I will also speak of your testimonies before kings
and shall not be put to shame (Psalm 119:46).
I’m hoping a few of you readers are kings. Then I could be like the psalmist, speaking before kings about God’s laws. I know a guy named Andrew King, and while he’s a great guy, he’s no monarch. But I don’t think that’s what the psalmist was talking about (he probably wasn’t thinking about Burger Kings either).
The psalmist was speaking about real kings. Although back in the Old Testament times a “king” might only rule over a few thousand people. In Genesis 14, there’s a battle between a coalition of four kings and a coalition of five kings, where it seems like a king is basically a ruler of a city, more like a mayor, but probably not democratically elected.
It would still take courage for anyone to speak before king about God’s testimonies. What gives the psalmist confidence to do something so bold? He knows that he won’t be embarrassed.
To succeed in public speaking you need confidence. There’s nothing more painful than a public speaker who’s lost his confidence. The psalmist has complete confidence in God and God’s word.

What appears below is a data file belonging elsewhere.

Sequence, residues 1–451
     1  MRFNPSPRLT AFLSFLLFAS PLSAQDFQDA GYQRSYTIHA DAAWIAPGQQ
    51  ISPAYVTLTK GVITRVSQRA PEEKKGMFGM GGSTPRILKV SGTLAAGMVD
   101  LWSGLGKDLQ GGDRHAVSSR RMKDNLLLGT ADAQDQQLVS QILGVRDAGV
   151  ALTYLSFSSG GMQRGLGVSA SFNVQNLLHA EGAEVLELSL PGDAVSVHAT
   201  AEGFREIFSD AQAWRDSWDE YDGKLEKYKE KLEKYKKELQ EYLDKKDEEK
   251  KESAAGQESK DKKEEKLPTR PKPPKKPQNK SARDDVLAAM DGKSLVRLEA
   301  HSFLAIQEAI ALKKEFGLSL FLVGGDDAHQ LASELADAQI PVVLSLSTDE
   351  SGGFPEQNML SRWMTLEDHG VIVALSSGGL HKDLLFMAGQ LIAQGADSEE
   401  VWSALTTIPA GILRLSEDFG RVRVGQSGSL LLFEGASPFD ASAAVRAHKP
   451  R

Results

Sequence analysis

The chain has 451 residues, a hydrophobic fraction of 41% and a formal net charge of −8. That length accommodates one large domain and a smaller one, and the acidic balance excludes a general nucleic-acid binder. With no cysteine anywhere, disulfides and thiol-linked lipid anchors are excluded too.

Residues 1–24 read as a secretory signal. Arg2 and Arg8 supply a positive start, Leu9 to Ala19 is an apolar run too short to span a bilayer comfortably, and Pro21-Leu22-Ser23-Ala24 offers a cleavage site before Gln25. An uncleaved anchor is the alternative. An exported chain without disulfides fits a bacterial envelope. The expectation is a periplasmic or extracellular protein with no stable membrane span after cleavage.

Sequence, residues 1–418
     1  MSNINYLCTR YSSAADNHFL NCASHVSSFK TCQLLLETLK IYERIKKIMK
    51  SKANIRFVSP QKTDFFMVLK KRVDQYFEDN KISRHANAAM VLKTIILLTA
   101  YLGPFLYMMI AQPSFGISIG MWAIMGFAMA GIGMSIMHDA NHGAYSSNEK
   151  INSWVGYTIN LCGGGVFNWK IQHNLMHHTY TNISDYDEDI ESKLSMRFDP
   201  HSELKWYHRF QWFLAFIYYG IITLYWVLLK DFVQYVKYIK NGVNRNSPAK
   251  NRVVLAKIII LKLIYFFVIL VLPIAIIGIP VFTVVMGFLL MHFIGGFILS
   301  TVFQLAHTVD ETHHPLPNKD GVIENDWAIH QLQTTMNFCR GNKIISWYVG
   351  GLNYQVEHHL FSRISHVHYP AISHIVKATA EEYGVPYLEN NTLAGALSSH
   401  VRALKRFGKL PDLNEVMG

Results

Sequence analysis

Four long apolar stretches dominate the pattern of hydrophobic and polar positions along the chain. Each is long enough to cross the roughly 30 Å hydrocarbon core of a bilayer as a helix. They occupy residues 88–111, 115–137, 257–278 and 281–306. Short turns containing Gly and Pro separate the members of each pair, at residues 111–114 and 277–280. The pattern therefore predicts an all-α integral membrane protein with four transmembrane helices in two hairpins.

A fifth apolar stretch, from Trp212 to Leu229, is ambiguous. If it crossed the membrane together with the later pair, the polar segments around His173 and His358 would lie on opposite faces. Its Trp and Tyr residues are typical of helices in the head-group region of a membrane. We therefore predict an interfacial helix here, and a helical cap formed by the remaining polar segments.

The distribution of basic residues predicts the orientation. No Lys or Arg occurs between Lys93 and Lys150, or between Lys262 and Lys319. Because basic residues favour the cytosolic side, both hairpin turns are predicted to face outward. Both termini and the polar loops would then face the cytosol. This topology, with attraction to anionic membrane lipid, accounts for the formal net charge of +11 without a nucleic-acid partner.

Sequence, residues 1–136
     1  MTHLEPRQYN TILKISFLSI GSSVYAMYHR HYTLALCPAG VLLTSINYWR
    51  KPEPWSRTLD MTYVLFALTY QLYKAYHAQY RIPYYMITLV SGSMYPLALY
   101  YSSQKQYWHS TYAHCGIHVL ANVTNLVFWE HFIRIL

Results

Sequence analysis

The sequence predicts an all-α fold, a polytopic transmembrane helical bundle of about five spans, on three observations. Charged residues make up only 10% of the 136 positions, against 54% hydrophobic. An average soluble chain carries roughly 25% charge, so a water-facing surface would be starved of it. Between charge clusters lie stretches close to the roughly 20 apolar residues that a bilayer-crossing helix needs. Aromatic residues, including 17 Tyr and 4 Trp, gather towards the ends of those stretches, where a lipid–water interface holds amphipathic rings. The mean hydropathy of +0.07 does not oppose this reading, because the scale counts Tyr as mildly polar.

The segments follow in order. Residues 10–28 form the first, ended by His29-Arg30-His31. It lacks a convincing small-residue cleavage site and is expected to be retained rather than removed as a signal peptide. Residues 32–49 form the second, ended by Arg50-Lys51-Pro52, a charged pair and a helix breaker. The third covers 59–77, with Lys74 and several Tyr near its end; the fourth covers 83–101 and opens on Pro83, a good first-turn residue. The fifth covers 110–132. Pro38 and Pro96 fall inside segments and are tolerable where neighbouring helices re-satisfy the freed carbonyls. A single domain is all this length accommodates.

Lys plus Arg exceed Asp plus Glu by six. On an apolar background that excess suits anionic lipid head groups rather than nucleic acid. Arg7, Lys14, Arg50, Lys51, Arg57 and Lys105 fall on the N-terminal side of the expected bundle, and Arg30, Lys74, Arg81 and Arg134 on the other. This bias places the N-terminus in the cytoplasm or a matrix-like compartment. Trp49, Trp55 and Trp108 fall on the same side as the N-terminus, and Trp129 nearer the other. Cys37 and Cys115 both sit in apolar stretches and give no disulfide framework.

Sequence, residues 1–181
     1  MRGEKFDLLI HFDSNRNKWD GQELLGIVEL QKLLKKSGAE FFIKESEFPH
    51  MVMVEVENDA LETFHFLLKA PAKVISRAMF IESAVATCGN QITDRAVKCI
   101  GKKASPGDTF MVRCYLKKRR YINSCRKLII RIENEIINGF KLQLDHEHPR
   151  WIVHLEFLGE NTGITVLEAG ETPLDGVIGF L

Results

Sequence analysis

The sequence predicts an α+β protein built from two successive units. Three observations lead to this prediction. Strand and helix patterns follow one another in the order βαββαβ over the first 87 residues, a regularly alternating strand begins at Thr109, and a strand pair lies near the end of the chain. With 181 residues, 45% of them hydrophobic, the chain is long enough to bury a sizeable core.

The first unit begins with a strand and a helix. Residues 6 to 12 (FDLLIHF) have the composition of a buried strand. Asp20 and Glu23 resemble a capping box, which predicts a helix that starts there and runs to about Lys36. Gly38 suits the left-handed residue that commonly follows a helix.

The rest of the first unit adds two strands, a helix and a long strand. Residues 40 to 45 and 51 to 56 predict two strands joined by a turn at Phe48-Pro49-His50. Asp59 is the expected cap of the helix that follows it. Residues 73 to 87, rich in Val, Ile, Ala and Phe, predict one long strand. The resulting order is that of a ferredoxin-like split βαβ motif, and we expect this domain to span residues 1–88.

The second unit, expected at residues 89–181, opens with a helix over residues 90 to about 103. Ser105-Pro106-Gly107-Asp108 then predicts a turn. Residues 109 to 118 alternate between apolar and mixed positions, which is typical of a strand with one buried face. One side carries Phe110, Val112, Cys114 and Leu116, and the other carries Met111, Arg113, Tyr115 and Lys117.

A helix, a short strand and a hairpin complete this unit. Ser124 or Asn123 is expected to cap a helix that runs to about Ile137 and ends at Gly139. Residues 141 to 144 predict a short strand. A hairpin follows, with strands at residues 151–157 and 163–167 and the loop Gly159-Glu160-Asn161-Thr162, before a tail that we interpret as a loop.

Where does the psalmist’s confidence come from? It is difficult to say conclusively, but from what we’ve seen in the psalm, it’s from a lifelong relationship with God, and a complete commitment to live God’s word and sing the praises of God’s laws.
Yesterday in our Sunday school class, my wife Shannon led a discussion of a section of the Sermon on the Mount, where Jesus says he came not to abolish the law, but to fulfill it (Matt. 5:17-20). I was struck by how much Jesus loved, supported and taught God’s law. According to Jesus own words, those that do the law and teach others to do so will be called great in the Kingdom of Heaven. I guess that makes both Jesus and the psalmist great.
God, make us great as we follow the examples of Jesus and the psalmist to speak of your law and to follow it.
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